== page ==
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Space History Photo: Sequence of Assembly of OAO Shroud at SPC

space history, Lewis Research Center, space probes
The Orbiting Astronomical Observatory satellite allowed astronomers to view the universe from outside Earth's atmosphere. (Image credit: NASA/Martin Brown, Paul Riedel, William Bowles, Chris Cohen)

In this historic photo from the U.S. space agency, the assembly of the Orbiting Astronomical Observatory (OAO) for shroud jettison tests seen in the Space Power Chamber (SPC) at Lewis Research Center, Cleveland, Ohio on June 24, 1965. Lewis is now known as the John H. Glenn Research Center at Lewis Field.

The SPC consisted of two vacuum tanks that were created in 1962 inside the former Altitude Wind Tunnel. The OAO satellites, launched on Atlas-Centaur and Atlas Angena rockets, were the first to allow astronomers to view the universe from above the Earths obscuring and distorting atmosphere.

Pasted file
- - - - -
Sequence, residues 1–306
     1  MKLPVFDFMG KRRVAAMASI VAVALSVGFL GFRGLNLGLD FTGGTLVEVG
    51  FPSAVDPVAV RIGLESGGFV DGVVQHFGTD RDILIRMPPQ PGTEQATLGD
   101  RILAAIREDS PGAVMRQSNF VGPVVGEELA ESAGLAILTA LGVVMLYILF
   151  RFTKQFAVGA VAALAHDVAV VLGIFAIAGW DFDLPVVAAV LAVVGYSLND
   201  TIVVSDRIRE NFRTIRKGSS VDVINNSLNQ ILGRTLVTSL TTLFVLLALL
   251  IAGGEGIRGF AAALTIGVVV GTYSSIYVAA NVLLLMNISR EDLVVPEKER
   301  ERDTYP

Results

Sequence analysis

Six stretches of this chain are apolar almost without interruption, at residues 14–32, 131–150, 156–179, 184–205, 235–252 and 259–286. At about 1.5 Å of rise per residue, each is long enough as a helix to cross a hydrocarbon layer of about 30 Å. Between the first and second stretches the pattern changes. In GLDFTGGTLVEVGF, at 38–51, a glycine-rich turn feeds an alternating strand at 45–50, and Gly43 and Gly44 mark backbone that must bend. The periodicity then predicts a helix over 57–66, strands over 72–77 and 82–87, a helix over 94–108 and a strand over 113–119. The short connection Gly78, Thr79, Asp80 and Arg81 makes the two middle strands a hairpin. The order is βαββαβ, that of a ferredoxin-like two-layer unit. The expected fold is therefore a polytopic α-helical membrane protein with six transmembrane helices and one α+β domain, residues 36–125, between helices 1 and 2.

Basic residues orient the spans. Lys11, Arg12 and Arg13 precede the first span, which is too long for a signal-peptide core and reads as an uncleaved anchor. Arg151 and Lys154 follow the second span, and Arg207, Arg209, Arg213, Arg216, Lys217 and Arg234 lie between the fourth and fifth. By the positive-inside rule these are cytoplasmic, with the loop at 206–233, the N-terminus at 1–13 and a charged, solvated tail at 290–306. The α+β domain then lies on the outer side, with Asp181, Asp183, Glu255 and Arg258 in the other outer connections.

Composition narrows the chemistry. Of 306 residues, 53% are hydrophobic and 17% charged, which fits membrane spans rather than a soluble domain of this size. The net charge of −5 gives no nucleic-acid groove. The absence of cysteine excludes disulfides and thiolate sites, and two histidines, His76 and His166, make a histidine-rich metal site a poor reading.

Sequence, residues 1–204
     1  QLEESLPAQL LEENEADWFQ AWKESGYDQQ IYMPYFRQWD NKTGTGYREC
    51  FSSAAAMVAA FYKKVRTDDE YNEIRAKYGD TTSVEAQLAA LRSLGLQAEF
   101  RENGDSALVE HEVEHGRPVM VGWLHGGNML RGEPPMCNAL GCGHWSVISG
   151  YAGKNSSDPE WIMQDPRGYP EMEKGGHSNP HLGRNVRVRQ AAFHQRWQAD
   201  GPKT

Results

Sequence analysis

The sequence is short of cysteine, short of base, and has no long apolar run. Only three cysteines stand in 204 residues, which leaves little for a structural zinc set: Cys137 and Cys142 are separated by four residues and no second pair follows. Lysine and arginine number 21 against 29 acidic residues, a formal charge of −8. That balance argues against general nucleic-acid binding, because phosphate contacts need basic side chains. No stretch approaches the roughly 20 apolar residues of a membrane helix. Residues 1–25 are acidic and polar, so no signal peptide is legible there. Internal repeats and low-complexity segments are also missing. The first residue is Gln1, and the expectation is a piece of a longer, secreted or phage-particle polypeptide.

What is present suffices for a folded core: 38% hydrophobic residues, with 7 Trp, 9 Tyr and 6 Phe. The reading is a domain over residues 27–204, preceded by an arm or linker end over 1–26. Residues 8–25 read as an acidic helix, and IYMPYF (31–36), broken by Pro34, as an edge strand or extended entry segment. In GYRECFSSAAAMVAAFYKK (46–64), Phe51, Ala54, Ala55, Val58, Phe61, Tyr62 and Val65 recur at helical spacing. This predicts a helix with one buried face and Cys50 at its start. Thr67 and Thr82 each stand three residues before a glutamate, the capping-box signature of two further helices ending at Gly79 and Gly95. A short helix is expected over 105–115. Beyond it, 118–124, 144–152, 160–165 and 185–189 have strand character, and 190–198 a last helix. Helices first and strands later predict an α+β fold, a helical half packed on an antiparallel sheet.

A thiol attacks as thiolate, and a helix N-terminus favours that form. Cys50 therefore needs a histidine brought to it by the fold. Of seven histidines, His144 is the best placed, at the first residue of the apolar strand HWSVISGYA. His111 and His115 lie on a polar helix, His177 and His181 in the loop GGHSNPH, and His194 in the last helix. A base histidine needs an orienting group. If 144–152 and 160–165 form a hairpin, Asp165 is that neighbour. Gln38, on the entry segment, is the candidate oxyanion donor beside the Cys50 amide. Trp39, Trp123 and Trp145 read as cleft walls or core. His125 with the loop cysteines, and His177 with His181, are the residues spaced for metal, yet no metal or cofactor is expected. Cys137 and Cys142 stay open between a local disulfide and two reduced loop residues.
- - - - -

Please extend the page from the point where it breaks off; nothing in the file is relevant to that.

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The National Aeronautics and Space Administration (NASA) is the U.S. government agency in charge of the civilian space program as well as aeronautics and aerospace research. Founded in 1958, NASA is a civilian space agency aimed at exploring the universe with space telescopes,  satellites, robotic spacecraft, astronauts and more. The space agency has 10 major centers based across the U.S. and launches robotic and crewed missions from the Kennedy Space Center in Cape Canaveral Florida. It's astronaut corps is based at the Johnson Space Center in Houston. To follow NASA's latest mission, follow the space agency on Twitter or any other social channel, of visit: